Go to the end of the earth, and when you get there, turn left and go another few hundred miles and you will be at the Maldives, an independent Muslim country of ~550k people nearly 500 miles off the southern coast of India. Straddling the equator and comprised of 26 atolls covering 35k square miles, the Maldives is the smallest of all Asian countries and is considered the world’s most geographically dispersed. And it faces a host of profound existential threats.
Being so remote does not insulate the Maldives from global issues. The two most obvious and troubling today involve the Covid pandemic and global warming – both issues exported from the rest of the world. Most immediate are public health risks, exacerbated by an inadequate healthcare infrastructure and caused by diseases brought in by tourists.
Early on in the pandemic, the Maldives was considered one of the world’s most active “Covid hot spots” registering the highest number of infections per million people, according to an analysis by Bloomberg. Fortunately, the total number of fatalities was quite modest with just over 300 to date, but it underscores the ever-present exposure to global health crises, especially for a country so dependent on tourism.
Perhaps reflecting a cultural ambivalence or concerns with raising anxiety among tourists, the public health messaging around Covid risks was effectively invisible. Tucked into the corner of the airport terminal was one lonely sign extolling the merits of responsible behavior. Vaccination requirements were waived years ago.
Notwithstanding that, the country has made meaningful progress on other key healthcare benchmarks. Average life expectancy now stands at 72 years, up from 46 years in 1978. Infant mortality is at 1.2%, a marked improvement from 12.7% in 1977.
Far more disturbing are the implications of global warming and rising sea levels. While some may argue over the intensity or cause or solutions to global warming (or even if it exists at all), for a country with average elevation of 4 feet, 11 inches above sea level those debates are secondary. The highest point in the country is 7 feet, 10 inches.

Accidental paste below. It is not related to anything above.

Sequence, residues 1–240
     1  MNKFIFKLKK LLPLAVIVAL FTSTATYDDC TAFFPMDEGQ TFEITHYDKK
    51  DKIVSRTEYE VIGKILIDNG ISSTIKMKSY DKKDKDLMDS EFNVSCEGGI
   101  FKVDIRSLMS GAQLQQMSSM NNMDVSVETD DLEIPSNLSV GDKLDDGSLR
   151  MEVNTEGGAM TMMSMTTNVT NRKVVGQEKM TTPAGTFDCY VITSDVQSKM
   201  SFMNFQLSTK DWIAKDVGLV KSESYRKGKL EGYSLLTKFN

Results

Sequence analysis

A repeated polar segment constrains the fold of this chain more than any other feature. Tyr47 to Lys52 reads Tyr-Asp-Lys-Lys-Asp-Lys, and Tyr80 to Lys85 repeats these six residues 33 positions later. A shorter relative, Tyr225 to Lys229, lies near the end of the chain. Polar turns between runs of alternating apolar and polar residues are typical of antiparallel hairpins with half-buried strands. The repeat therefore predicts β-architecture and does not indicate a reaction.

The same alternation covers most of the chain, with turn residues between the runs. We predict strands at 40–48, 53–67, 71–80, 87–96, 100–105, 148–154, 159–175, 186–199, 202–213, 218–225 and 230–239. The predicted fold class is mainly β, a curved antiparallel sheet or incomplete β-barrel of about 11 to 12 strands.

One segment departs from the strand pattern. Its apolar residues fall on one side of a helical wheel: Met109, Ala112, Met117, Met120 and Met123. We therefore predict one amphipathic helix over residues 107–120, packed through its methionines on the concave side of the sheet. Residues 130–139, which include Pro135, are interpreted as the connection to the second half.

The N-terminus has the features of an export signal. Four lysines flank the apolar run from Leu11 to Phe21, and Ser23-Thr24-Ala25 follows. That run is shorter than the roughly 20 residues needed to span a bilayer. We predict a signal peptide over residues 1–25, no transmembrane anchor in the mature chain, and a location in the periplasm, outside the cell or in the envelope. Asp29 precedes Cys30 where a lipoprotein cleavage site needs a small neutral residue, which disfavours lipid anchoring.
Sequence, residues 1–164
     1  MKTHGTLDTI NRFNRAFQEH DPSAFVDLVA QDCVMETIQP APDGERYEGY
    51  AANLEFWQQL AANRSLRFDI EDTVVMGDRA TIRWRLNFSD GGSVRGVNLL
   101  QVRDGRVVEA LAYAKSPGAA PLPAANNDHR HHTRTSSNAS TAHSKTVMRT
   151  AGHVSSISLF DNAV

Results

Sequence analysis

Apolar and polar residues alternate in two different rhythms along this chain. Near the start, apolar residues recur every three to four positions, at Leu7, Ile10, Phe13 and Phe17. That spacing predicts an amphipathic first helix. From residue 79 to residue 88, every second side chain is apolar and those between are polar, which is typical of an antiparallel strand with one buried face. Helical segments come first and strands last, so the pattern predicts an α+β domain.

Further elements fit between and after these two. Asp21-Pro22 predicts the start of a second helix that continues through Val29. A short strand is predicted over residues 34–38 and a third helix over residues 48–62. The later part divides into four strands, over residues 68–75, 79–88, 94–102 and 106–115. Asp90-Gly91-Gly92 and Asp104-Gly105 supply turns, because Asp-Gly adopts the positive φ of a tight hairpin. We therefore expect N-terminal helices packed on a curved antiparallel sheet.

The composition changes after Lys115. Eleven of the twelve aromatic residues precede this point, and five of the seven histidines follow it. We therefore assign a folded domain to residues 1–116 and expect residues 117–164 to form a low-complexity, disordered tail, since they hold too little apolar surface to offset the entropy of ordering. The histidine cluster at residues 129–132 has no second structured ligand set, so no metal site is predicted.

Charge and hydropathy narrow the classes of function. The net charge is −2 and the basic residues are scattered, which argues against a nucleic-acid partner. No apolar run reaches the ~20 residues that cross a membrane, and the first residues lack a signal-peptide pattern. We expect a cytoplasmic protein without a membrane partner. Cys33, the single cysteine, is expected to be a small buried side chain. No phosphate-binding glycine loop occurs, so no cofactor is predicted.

Anxiety spiked recently with the news that the Thwaites Glacier, affectionately known as the Doomsday Glacier, was facing collapse which would increase global sea levels by an estimated two feet. The Thwaites is 75 miles wide and sits as a dam to “upstream” water flows from the Antarctic; its collapse risks unleashing a cascade of other glacier collapses. Sadly, what happens in the Antarctic, does not stay in the Antarctic.
Even geopolitical issues risk intruding on this idyllic place. While remote and not easily reached, the large number of Russian tourists was notable, notwithstanding a sad and lonely Aeroflot check-in desk. It is hard given what the world is witnessing with Russian aggression toward its neighbors to contemplate what those travelers think while on vacation. But even in such moments, there were examples of exceptional grace. Svetlana, the Maître d’ at one of the finer restaurants, greeted each guest with elegance undoubtedly while thinking of family members left behind in the now destroyed Ukrainian city of Kherson…